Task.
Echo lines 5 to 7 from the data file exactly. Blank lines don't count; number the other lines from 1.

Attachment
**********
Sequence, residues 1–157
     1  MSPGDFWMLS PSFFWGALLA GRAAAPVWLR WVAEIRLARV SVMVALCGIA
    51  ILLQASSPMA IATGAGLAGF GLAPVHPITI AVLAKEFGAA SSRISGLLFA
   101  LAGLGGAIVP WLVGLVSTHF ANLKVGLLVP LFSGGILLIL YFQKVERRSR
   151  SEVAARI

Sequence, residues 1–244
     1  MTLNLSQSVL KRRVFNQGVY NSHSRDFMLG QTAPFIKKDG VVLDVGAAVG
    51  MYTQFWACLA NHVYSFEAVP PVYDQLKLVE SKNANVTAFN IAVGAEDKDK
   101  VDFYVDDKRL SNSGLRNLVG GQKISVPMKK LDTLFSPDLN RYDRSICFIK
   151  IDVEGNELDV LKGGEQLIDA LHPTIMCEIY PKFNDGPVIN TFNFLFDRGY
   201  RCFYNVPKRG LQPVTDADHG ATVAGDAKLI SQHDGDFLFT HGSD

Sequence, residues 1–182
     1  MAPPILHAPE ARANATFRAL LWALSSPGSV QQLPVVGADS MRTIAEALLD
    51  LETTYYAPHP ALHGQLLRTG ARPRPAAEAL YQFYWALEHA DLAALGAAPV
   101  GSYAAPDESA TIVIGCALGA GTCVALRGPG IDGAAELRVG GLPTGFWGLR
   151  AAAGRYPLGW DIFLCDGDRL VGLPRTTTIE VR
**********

   151  SEVAARI

Sequence, residues 1–244
     1  MTLNLSQSVL KRRVFNQGVY NSHSRDFMLG QTAPFIKKDG VVLDVGAAVG